The room darkened, and the illuminated square on the wall snapped into movement.

            The scene opened with a man and a woman, walking down a street—but they were blurred, as if they and the street they walked were under water. Like Louis’s painting of me, I thought but they had no complementary clear reflection. The focus sharpened and revealed two pairs of shoes, a man’s and a woman’s coyly walking in step, side by side, intimately. The female pair of shoes stopped, and then slender female fingers reached down to adjust her garter. The skirt slid up to reveal her leg. Then the camera pulled back and the scene blurred again.

            The blurred male and female entered a doorway and walked up a flight of stairs in their underwater world. The woman led the man into a bedroom. She walked across the darkened floor and into a shaft of light, where her blurred body stood illuminated. The man remained in the dark. The woman undressed, slowly, seductively, the details of her body frustratingly vague even as she revealed herself. The man watched her. Naked, the woman stretched herself out on the bed, slipped one hand behind her head, and extended the other to the man. The man came forward to grasp that hand and kiss it. Then came the intertitle: “Adieu!”

There was laughter from my friends as the man on the screen bowed cordially to the woman and left.

My eyes were tired, and I rested them for a moment. When I opened them again the scene was in sharp focus. The camera irised in on the woman’s foot. There was something caught beneath her foot, something she tapped, then pressed, then traced with her bare toe. It was a fault in the wooden planks of the floor, a knot from which six long cracks extended like rays, or like tentacles. Then a page from a book blew across the floor—I clearly saw my name on the page, and Desnos’s, and Artaud’s—to be caught and pressed beneath the woman’s toe. She pressed the paper over the spot where the knot had been.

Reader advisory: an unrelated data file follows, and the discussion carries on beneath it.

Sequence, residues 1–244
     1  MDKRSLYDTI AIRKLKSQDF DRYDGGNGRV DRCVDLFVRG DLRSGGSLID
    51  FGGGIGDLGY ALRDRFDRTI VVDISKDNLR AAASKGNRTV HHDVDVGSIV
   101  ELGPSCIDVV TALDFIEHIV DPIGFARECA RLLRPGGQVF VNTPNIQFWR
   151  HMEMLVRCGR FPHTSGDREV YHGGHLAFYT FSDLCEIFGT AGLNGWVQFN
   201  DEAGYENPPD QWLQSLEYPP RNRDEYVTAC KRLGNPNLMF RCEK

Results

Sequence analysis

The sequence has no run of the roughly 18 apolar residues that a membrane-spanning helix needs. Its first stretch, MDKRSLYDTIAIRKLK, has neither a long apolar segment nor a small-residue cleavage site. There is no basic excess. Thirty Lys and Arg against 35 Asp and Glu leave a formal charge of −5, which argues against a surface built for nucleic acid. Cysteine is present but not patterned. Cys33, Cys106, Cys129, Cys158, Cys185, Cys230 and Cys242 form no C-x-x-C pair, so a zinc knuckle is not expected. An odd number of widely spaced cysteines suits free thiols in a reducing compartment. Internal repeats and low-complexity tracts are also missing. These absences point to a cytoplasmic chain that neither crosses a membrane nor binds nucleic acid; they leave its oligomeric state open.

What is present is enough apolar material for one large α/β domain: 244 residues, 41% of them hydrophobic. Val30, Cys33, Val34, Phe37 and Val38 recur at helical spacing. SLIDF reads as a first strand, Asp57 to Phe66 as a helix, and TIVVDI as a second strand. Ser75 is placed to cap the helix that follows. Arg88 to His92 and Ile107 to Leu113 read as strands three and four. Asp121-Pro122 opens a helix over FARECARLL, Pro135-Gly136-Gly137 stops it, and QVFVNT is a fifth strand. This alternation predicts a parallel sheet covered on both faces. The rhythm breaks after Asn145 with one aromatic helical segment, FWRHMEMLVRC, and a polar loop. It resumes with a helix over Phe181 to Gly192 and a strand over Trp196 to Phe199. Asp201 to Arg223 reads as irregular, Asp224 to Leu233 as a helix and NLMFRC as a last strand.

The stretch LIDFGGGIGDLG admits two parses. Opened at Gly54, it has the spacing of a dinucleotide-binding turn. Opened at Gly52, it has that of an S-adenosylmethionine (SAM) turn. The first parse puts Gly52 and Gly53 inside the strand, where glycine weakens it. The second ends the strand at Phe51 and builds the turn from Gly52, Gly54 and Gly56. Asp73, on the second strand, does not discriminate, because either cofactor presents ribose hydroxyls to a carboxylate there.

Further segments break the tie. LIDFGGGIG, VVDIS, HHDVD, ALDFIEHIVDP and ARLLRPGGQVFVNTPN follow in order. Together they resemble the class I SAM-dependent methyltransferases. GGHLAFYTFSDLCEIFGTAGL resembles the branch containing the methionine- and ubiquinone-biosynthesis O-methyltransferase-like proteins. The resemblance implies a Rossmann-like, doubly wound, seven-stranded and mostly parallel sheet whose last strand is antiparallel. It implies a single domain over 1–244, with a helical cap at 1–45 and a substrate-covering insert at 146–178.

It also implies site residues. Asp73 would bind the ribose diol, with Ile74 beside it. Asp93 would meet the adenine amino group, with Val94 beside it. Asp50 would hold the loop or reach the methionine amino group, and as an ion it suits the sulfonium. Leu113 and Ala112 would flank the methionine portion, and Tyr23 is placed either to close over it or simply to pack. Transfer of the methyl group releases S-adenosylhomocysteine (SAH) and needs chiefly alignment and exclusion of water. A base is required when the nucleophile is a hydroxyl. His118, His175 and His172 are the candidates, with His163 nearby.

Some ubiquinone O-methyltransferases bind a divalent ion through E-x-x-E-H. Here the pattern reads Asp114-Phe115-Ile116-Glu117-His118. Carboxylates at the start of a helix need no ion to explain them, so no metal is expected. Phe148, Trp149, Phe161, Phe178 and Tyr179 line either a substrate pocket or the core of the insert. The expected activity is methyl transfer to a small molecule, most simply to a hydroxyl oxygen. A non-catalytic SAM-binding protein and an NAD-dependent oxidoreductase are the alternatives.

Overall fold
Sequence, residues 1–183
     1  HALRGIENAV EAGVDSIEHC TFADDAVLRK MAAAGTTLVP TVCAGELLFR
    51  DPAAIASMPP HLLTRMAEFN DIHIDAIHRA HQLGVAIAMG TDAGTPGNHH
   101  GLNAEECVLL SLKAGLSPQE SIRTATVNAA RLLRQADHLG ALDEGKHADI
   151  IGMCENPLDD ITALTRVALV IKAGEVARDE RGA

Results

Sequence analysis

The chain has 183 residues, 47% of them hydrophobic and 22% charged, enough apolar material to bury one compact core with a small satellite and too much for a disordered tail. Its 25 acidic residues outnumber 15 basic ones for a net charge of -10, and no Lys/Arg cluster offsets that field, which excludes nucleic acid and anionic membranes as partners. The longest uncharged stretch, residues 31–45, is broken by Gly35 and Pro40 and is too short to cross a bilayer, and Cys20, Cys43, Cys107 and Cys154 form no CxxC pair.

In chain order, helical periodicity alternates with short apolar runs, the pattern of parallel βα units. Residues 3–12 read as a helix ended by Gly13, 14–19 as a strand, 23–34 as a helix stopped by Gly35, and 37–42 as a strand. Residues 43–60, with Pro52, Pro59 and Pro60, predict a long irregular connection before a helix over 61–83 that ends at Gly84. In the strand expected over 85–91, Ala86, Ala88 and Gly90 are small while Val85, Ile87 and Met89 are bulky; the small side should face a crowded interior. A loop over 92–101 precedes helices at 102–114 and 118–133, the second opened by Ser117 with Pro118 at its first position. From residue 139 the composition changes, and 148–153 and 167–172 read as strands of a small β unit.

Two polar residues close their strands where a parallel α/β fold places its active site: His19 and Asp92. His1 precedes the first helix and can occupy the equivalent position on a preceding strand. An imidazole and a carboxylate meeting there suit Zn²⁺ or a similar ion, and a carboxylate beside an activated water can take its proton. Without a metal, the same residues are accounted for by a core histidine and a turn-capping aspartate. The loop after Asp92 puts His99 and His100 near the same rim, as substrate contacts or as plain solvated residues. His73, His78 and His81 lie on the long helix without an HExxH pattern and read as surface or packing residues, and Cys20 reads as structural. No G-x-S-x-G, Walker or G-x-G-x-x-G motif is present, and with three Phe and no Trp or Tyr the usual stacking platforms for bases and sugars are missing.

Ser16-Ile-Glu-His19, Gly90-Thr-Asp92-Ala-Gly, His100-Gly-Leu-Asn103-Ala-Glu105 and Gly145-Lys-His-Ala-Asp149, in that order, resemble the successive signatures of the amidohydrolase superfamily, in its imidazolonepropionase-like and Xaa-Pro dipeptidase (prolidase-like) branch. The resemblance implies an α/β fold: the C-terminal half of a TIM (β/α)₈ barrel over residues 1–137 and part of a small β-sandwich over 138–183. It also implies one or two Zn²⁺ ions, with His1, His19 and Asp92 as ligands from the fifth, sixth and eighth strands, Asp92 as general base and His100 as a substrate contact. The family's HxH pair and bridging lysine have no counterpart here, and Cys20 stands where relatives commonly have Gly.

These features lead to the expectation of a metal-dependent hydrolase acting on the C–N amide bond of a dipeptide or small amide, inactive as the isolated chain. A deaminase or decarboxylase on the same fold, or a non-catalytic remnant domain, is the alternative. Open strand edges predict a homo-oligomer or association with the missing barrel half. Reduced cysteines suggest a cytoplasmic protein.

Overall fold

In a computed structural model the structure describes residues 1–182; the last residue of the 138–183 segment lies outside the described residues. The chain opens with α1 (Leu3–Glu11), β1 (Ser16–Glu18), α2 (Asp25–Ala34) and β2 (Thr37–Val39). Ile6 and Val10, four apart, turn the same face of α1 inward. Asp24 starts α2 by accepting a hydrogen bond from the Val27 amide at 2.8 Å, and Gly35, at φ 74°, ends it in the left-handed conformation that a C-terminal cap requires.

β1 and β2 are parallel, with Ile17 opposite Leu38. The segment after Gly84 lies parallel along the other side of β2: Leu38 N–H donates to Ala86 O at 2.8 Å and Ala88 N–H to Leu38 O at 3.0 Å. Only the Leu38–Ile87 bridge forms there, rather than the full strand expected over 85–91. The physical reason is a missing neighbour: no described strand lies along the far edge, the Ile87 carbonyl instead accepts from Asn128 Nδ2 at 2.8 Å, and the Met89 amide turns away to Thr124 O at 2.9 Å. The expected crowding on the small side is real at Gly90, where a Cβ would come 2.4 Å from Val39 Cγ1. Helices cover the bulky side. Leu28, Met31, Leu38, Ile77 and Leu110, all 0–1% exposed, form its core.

The camera traveled up the woman’s legs to reveal her garter. The intertitle: “It’s she.”

            The camera panned upward, from the woman’s legs to her face. But the actress revealed was not Kiki. But she was no stranger, either.

            I was in shock. She! The woman from my dream, the girl with the auburn hair! The girl who I dreamed of, who Desnos thought was Catherine. Her hazel eyes laughed merrily to see me recognize her. “I haven’t been born yet,” she said clearly. Sound? Desnos and Man Ray had made a sound film! Then why the use of intertitles? The auburn-haired woman walked to a corner of the room where she picked up something unseen from a bureau. She turned around.

            She held out to me, revealing it slowly and ritualistically as if unbuttoning a blouse, as if exposing a diaphanous lace chemise. It was a starfish, a starfish in a clear crystal globe but an unnatural starfish, one of those creatures with six pointed arms, Heumer’s defamation of me trapped in the globe. The intertitle—

            “I cannot promise to give you the freedom Breton would give his characters, if I cannot take for myself the freedom I want in life.”